I hope these simple guidelines help.  Please feel free to post others in the comments section. If you have any questions about the ethics of photography or want suggestions on further reading leave me a comment or send me an email and I’d be happy to suggest a few.  Please don’t comment and tell me these guidelines are impossible for taking good pictures, because I know they are not.  Below are some of my favorite photographs I’ve taken from my travels of children all around the world all taken respectfully using the above guidelines.



June 26, 2011

Gifting in Africa

When I was at the Gitaga Center for Street Children I went out into the field to take some photos of the kids playing football (or soccer to us Americans) and the kids all started rushing over to see the pictures of themselves. This was really the first time I interacted with children on the trip and it was of course amazing. The Rwandan kids were so sweet and kind and loved having their photos taken and getting to see them on the camera. However preserving the good relationship of photographer and subject is a very delicate balance especially in Africa and there is a right time and a wrong time to photograph. There is also a respectful and friendly way to do it, I will dedicate my whole next post to the ethics of photographing people (especially children) so I will not harp on about it too much here. I brought along a Polaroid with me, which I hadn’t done in years since Polaroid had gone bust and film was no longer available. However Polaroid is back with awesome new cameras so I brought along a cool blue one and 10 packages of film (100 pictures). I didn’t actually get to use all the pictures though because it got so crazy whenever I pulled out the Polaroid I became afraid it was start fights, but in smaller situations using it was incredible. Gitarma was the first place I pulled out the Polaroid and I learned my lesson from there not to pull it out in large crowds of children. The kids were so excited just to have their photo taken and to see it on the back of the digital camera so you can probably imagine how excited they were to actually get the printed Polaroid photo to keep. All of a sudden about a hundred kids stopped playing ball and ran towards me to get their photo taken.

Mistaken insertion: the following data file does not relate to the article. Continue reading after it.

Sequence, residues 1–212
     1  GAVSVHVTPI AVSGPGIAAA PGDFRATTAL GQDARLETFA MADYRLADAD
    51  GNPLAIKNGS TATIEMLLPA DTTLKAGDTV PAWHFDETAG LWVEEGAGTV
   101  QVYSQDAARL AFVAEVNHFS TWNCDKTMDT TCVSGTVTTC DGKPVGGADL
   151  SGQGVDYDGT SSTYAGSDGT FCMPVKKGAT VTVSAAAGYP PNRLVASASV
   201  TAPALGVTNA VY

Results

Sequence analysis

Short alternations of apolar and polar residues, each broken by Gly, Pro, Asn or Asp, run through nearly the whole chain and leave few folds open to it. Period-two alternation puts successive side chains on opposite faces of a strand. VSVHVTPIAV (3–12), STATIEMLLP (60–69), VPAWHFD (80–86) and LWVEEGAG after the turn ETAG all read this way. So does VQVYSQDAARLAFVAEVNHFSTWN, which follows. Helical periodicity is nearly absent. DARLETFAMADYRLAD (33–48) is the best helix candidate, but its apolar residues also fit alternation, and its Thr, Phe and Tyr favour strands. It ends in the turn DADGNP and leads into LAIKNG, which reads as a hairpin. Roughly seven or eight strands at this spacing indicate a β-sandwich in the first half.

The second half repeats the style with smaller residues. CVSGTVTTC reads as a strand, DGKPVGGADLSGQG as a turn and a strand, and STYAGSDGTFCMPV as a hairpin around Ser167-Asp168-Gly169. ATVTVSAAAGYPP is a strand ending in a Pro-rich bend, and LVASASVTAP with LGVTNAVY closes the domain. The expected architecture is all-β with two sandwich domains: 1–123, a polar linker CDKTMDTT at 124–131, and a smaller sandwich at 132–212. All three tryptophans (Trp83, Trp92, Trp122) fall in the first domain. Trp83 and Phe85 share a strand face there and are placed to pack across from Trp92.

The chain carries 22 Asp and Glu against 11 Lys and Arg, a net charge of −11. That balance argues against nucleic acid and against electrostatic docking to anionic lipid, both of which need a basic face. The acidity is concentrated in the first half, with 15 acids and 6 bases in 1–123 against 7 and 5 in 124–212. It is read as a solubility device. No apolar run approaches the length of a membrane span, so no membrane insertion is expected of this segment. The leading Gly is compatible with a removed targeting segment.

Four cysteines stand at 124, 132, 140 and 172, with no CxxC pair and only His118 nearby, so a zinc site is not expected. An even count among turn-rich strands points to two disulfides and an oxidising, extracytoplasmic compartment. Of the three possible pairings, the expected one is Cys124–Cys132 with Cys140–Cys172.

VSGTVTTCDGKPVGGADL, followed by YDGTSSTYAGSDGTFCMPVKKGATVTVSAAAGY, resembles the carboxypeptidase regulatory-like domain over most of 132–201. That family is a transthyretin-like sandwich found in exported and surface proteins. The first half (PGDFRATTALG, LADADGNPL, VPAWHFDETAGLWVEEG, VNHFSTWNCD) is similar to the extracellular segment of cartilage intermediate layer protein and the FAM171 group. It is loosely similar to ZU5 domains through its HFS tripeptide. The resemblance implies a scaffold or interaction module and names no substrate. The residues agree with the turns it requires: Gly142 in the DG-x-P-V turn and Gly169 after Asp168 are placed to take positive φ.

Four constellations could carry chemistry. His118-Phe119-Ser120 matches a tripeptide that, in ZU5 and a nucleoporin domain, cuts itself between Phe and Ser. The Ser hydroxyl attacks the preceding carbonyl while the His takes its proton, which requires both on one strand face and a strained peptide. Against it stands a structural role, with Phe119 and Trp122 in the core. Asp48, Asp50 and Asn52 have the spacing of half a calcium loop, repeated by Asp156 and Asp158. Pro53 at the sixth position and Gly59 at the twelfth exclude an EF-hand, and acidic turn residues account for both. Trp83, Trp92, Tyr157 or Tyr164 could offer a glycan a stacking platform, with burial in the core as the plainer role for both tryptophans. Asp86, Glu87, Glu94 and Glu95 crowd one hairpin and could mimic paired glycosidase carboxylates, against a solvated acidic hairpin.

Luckily things didn’t get too out of hand because I had to leave pretty soon, but kids were starting to climb on top of me and I started having flashbacks to getting attacked while giving out pens in a village in India. Doing things like giving out Polaroid pictures, pens, coloring books, or pencils is a wonderful thing to do, but has to be done very carefully because it can cause fighting amongst children and foster an attitude of begging where children beg foreigners for these things. Instead if you visit a third world country and want to bring presents I suggest bringing them to an orphanage or a school and giving them to the director and letting him or her distribute it to the children. It may not be the same wonderful immediate gratification you get from handing a child a ball or a pencil and getting a smile, but it is truly the more charitable thing to do because they will be given out in an organized fashion, which keeps children from fighting over the gifts and then the kids are thankful to the school and their teachers instead of a foreigner.


Polaroids are a little different then school supplies and balls and can be a wonderful thing to give to someone when you’re photographing them. However, it has to be done in a respectful way and because polaroids cost about $1 a piece I recommend doing it when not many people are around or you’ll end up with a lot of people lined up for a picture and not enough film to go around. The new film takes a little longer to develop (about 30 seconds) and I had some very funny moments of children staring at the blank white polaroid and then at me wondering what I was doing. As soon as the picture started to appear they were so excited and would smile and giggle, but every new photo I gave they looked at me unsure if it would appear. I tried explaining it, but in my broken French I think I said, “the picture us like magic, there is nothing than poof it becomes a picture.” I think they still think I am crazy.


I had a wonderful experience photographing a family when I visited a water pump in the northern part of Rwanda. There was a small house on the road to the water pump and a couple of brothers came up to me and wanted their photo taken. I took a few and showed it to them on my camera and then after making sure not too many other people were around I took a Polaroid of them and they got so excited they ran back to their house to show their mom. I then met their whole family- the two original brothers plus their baby brother, their mom, grandma and father all living in this very small square one-room house on the side of the road. I ended up giving them about 7 photos of their family and the older boy who spoke English told me it was the first photo they ever had of themselves. It was a wonderful experience and I would recommend other photographers to bring polaroids with them when they travel, but be careful to determine if the situation is right before using it.